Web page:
Question on HV507 damage

Hi, I have encountered some difficulties with the HV507, a low-voltage to high-voltage serial-to-parallel converter with 64 push-pull outputs. I have been using a boost converter to convert the voltage from 12VDC to approximately 220VDC, which is then connected to the High-voltage power supply pins (pin 25 and pin 40) of the HV507. Unfortunately, the HV507 has consistently burned out, typically starting at the High-voltage power supply pin and spreading to the surrounding pins. Despite my attempts to fix the PCB and re-solder it several times, the issue persists. Hopefully someone can help. Many thanks.
Here is the boost converter i used.

NIXIE-Power-Supply-Datasheet-EN-v1.0.0.pdf (
Here is my schematic
Print Schematic.pdf (90.8 KB)

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Sorry sir, but I don’t get it, can you explain for me

here is a list of inverters that are 12v dc to AC

But I don’t need to find a DC-AC boost converter. I’m asking about HV507 damage when I apply power supply :frowning:

ok I am sorry I read your question incorrectly I going to ask for help on this it may take some time

thank you :smiley:

Burning out an IC is usually a result of violating its specifications in some way; voltage, current, or a combination of the two (power).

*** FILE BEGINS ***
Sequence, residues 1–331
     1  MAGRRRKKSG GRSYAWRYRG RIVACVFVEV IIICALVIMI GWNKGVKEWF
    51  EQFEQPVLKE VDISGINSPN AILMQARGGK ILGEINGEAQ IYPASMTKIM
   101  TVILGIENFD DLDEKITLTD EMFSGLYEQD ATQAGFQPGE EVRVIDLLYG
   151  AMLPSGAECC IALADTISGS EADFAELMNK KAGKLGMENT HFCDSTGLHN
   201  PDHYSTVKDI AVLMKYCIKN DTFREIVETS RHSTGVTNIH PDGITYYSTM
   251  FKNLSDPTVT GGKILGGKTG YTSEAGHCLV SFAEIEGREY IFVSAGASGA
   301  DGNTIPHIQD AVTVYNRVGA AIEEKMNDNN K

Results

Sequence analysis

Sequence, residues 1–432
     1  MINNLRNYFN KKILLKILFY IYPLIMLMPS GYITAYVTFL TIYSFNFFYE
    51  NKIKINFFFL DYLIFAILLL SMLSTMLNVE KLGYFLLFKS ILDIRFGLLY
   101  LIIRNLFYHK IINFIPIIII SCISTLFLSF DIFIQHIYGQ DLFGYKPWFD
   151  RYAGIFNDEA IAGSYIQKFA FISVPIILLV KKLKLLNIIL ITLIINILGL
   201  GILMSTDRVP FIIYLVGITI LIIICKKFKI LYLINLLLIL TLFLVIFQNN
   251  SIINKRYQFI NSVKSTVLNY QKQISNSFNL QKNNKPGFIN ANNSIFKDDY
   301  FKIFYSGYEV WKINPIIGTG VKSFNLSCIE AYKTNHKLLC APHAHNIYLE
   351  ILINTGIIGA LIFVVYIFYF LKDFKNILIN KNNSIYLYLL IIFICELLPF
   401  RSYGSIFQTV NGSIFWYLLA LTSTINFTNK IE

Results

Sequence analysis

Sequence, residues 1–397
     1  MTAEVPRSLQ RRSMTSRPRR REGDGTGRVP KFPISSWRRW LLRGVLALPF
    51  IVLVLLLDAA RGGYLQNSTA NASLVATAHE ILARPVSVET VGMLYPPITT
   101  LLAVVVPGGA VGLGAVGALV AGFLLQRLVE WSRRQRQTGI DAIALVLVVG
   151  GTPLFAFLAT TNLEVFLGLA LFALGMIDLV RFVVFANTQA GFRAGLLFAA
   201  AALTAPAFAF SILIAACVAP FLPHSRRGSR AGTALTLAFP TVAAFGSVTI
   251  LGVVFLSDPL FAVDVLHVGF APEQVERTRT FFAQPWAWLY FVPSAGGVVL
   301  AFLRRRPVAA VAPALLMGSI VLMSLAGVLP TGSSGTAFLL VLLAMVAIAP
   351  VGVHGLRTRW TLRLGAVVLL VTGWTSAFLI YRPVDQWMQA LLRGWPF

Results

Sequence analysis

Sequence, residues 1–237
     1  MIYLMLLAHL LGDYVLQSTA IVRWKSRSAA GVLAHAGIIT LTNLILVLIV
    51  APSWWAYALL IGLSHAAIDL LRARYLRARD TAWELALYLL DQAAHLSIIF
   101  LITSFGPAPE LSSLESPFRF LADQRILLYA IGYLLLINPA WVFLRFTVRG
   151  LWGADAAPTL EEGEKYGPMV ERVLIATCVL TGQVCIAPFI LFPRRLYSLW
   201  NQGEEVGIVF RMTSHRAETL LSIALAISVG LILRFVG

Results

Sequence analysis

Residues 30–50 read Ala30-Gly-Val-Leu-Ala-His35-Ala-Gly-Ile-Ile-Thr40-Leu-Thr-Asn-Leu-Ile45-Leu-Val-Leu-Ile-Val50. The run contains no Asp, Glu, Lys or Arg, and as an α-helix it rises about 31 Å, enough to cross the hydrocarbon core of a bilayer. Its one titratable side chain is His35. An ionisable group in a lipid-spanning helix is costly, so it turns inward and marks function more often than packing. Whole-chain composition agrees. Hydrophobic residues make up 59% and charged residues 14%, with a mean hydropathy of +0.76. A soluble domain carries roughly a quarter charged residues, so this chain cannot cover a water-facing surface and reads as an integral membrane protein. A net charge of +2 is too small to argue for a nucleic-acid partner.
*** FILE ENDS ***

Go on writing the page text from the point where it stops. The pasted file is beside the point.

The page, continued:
Assuming (perhaps incorrectly) that the output of your HV supply is well-regulated with minimal ripple, a 220V setting should offer a pretty good safety margin to the 300V limit of the '507. There will likely be brief periods of high current flow when new output states are latched however, which could cause ringing on the HV supply due to the parasitic inductance of the supply leads, and this ringing may cause the voltage limit of the chip to be exceeded. A bypass capacitor near the leads of the IC would likely help in this case, and adding some resistance to the HV supply may help as well.

Those current flows during switching events would be something to investigate, as well as steady-state power dissipation in the chip as a result of the loads’ current draw. The HV outputs of the chip may have a resistance approaching 35kΩ, and with 64 outputs it wouldn’t take much load on each before the thermal limits of the chip are exceeded.

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In addition to Rick’s comments, the power up/down sequence MUST be followed. I don’t see any control of the SHUTDOWN pin for the high voltage boost converter by the Arduino in your schematic. It should not be turned on until Vdd and all inputs for the HV507 have stabilized.

From HV507 datasheet:

Improper sequencing can also kill it.

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thank you for your support, I followed your suggestion, I tried to set up all the inputs first by Arduino, however it still burned right after I plug the charger. So, I think the major problem is from the boost converter I used.